Seal of the United States Social Security Administration. It appears on Social Security cards. (Photo credit: Wikipedia)
WASHINGTON – Social Security recipients shouldn’t expect a big increase in monthly benefits come January.
Preliminary figures show the annual benefit boost will be between 1 percent and 2 percent, which would be among the lowest since automatic adjustments were adopted in 1975. Monthly benefits for retired workers now average $1,237, meaning the typical retiree can expect a raise of between $12 and $24 a month.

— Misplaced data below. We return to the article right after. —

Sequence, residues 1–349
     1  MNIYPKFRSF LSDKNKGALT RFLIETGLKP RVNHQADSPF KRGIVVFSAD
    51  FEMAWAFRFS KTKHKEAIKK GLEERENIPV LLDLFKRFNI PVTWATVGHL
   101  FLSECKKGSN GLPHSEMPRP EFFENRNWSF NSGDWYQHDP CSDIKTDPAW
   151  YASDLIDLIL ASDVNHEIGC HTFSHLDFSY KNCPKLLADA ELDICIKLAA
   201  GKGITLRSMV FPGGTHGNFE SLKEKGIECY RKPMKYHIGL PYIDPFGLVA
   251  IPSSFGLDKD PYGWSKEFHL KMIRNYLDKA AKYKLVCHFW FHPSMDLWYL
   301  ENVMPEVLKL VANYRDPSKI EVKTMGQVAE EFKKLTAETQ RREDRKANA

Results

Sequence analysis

The size of the increase will be made official Tuesday, when the government releases inflation figures for September. The announcement is unlikely to please a big group of voters – 56 million people get benefits – just three weeks before elections for president and Congress.
The cost-of-living adjustment, or COLA, is tied to a government measure of inflation adopted by Congress in the 1970s. It shows that consumer prices have gone up by less than 2 percent in the past year.
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